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Sunday, January 18, 2009


easy bibimbap korean eggplant greens chilies eggs cabbage carrots

A fairly authentic version of bibimbap came into my life about 12 years ago when a Korean fellow student introduced Bulgogi and Bibimbap to me. Bulgogi (bool-go-gi) apparently roughly translates to fired meat or fire-cooked meat, and, by default the meat is beef in Korea. Since I don't eat red meat, I skipped trying Bulgogi that she ordered that day.

However, she talked to the waitress and assured me that they serve Bibimbap (bee-bim-baab) without any meat. So, I ordered it with slight apprehension and figured I could always have some rice-and-yogurt when I get home if I couldn't eat this strange sounding new dish. But, when it arrived, with visually stimulating presentation and aroma, I was excited. And, I loved it instantly! Loved the hot sauce Gochujang that came with it as well.

As far as I understood then, Bibimbap is a good way to clear out the fridge - it is simply rice served with an assortment of vegetables, accompanied by Korean hot sauce Gochujang. Typically, seasoned bok choy, seasoned spinach, cool cucumber salad to clear the palate, some julienned blanched/steamed vegetables like carrots, zucchini, and maybe some form of eggs - either fried or boiled, all of it served over rice that is piled on crisp lettuce leaves to balance out the flavors.

This recipe here is just a version of Bibimbap that I have adapted to suit my tastes over the years. Gochujang was not handy, so, I made up a version of it as well. I usually have a huge jar of Sambal Oelek in my pantry, seems like it has become just as indispensable as salt or black pepper in my kitchen.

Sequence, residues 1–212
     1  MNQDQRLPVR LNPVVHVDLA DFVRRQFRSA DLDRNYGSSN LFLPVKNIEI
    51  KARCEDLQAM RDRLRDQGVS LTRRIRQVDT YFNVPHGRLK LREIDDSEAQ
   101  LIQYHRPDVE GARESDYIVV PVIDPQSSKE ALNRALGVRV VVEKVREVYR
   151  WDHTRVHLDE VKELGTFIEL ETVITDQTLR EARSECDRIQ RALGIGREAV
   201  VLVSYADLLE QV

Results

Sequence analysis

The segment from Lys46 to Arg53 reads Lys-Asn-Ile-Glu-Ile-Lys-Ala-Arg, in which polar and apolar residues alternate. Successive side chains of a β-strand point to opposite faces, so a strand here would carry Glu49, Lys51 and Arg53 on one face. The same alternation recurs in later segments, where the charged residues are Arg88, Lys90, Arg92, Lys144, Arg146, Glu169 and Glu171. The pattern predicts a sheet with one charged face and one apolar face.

Seasoned Bok Choy or Spinach or Swiss chard
Pan-fried Tofu (optional)
Boiled Egs
Cucumber Salad
Toasted Sesame Seeds
Finely chopped Spring Onions
Sauteed eggplant
Steamed Asparagus
Julienned fresh baby tender kohlrabi
Shredded purple cabbage marinated in apple cider vinegar and some strong Dijon mustard
Bean Sprouts, Baby Corn, Roasted Red Pepper, Zucchini, Carrots or other vegetables of your choice

For Gochujang: Either buy it from the store, or, use a substitute recipe as given by Madhur Jaffrey in her World Vegetarian cookbook, adapted here:

2 Tbsp red miso
2 Tbsp sambal oelek
1 Tbsp cayenne pepper or red chili powder (optional, for extra heat)
1 tsp brown sugar
toasted sesame seeds
1 Tbsp sesame oil

Combine the above ingredients, add some rice wine vinegar if preferred to get the sauce more runny. Also, can double the amount and prepare this ahead of time and save in an air-tight container for a couple of weeks in the fridge.

Seasoned Bok Choy or Spinach:
3-4 cloves of garlic, finely minced
1 Tbsp grated ginger
2-3 dry red chilies
Bok Choy or Spinach, cleaned and cut to bite-size pieces
some water or broth
1 tsp sesame oil or canola oil

Heat the oil in a wok or pan, sauté the garlic and ginger, add the dry red chilies, then add the greens, some broth/water, cover and cook till tender but not mushy. Adjust salt to taste with light soy sauce or just table salt.

Cucumber Salad
Any simple cucumber salad is fine, but, I like to peel, core and dice the cucumber and red onions, add a simple vinaigrette of sesame oil, lemon juice, salt and red chili powder or cayenne pepper powder.

To Serve: Prepare a bed of lettuce leaves or blanched Napa Cabbage leaves. Add a scoop of cooked rice (I prefer Jasmine rice for this recipe). Arrange the toppings separately over the rice - seasoned greens, sliced boiled eggs, pan-fried tofu, cucumber salad, julienned vegetables - place some gochujang in the center, sprinkle some chopped spring onions and toasted sesame seeds. Let the guest mix it all up as they eat.

Also, I like to serve some extra gochujang, spring onions and other toppings on the side for extra helpings with rice :)

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  • At 8:03 PM, Blogger Cynthia said…

    I've never had Korean food before but of all that I have seen of it, I like the variety.


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